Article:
2. Who was this "friend" of Millie's that Hugo cheated on her with?

Have we been told? Is it Millie's friend Rosie?

The continuous cut-aways of Rosie's wide-eyed blank expressions as Millie talks about Hugo's betrayal suggests so; but in the "next episode" clips we see Rosie telling Hugo that Millie cheated on him. The fall out from that'll be fun, if you like that kind of thing.

3. Everything else

- Caggie is still permanently pouting: tv-ooh half expects a tiny bubble to be blown from her lips at any moment, like a mini benevolent volcano on a face.

- And cranking up the tedious Spencer/Caggie will they/won't they plot-line again is another spin on the merry-go-round we'll give a miss, cheers.

- When Gabriella tried to comfort her ex Ollie after his split with new girlfriend Chloe, but he was shockingly horrible to her while sitting on a bench during a cricket game, where did all that anger come from? Where were the Ollie-patented quips and hair flicks? HE WAS SO COLD.

- And Mark Francis - living in a £10m town house he's calling a tip due to the ongoing absence of his housekeeper - is continuing to vie for the most hilarious character, along with Francis.

In summary, none of it matters, but as an hour of life to fill, and as something full of intentional and unintentional comedy, Made in Chelsea has it.

Related stories:

Tuesday, 25 October 2011

Key points from an interview by The Culture Show with the lady in the jumper* from The Killing (*Sofie Grabol)

Sofie Grabol, interviewed by "best selling crime writer Val McDermid" for the BBC's show about culture and that (called The Culture Show), has said some interesting things about her job on The Killing ahead of the start of season two.

You can watch the interview on BBC iPlayer but it's only availble until 7.58pm on 28 October 2011.
Here are some of the interesting things she said in the interview.

Sofie on how she got the part: Sofie says that she had worked with the writer and producer of The Killing before, on another television series. Sofie says they phoned her like a year before with a loose idea of a crime story? They wanted one murder and a female investigator.

Sofie on the character of Sarah Lund: Sofie says that as an actor you're always looking for a challenge and to go somewhere you haven't been before. Sofie says that up until that point, she had played very emotional characters, who were often crying and shouting a lot. Sofie says she remembers in that first meeting about The Killing that she said she would like to play someone who doesn't communicate very much. Sofie says she found this very difficult to play at first.

Sofie doesn't know what it is with that jumper: Sofie says there have been times when she felt the jumper was wearing her [rather than the other way around]. Sofie says, at the start of the production process, they were not looking for a woman in a suit. Sofie just spotted that jumper and she felt that that was it.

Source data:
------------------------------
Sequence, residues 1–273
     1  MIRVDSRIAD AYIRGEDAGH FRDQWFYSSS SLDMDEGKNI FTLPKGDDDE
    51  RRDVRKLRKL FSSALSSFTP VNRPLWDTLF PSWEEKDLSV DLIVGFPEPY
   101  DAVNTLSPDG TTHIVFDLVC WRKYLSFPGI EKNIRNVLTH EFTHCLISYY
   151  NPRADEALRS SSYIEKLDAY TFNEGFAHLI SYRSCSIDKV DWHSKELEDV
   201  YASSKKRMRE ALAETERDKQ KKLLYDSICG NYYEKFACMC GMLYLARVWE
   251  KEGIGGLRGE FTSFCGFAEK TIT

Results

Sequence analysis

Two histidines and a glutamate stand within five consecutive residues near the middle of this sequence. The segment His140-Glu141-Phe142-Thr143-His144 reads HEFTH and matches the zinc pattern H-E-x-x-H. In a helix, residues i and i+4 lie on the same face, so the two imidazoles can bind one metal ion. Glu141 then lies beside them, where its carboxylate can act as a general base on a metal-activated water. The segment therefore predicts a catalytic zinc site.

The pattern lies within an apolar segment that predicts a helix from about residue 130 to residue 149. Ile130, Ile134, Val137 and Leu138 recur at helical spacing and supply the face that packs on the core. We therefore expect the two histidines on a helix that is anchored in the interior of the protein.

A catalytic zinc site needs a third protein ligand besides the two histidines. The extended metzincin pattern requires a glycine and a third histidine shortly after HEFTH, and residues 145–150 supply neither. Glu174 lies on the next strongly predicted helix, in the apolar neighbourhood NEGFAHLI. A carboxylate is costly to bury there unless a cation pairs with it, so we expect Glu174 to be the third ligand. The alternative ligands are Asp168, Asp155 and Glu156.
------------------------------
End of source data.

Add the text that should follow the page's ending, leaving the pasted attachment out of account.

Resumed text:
Sofie on the second season, to start on BBC Four in November: Sofie says it's more complicated [than season one], it's shorter, has less episodes [ten compared to 20 last time]. Sofie says the first season was a small story about one family, but in the second season the story is lifted up and deals with politics and what war does to people. 

Season two is set in Denmark and also Afghanistan but Sofie says she didn't film in Afghanisation. Sofie says they went to Spain to film the Afghanistan scenes and that it was very hot in the jumper.

Questions not asked by The Culture Show:
1. What do you think of/have you seen the US version?
2. Will there be a season three?
3. Are you surprised at the huge international success of the show?
4. Would you like to work in the UK, say?

In summary, the first British television interview tv-ooh has seen with Sofie Grabol from The Killing was actually pretty good, if a bit short but hey it's a magazine format and you can't go on too long in a magazine format, what do we think this is, blooming Piers Morgan Life Stories or something.

However, we STRONGLY ADVISE clicking on this link to view it on iPlayer while you can to watch it for yourself, cheers.

Oh. Tv-ooh has just remembered the existence of YouTube.

Related stories:

  • Watching too much Danish crime drama is like really bumming me out, man
  • The Killing (Forbrydelsen): Familiar, but different - and knitwear fetish intact
  • The Killing: is that relentless rain ever going to stop or what
  • Monday, 24 October 2011

    Southland: a cop show that's really quite arresting (DO YOU SEE?)

    In a way, it's nothing we haven't seen before. But Southland, a grim but lively, blood-soaked US cop drama currently playing out its third season on More4, takes the definition of "gritty" and runs with it before inevitably getting shot then dying from its injury.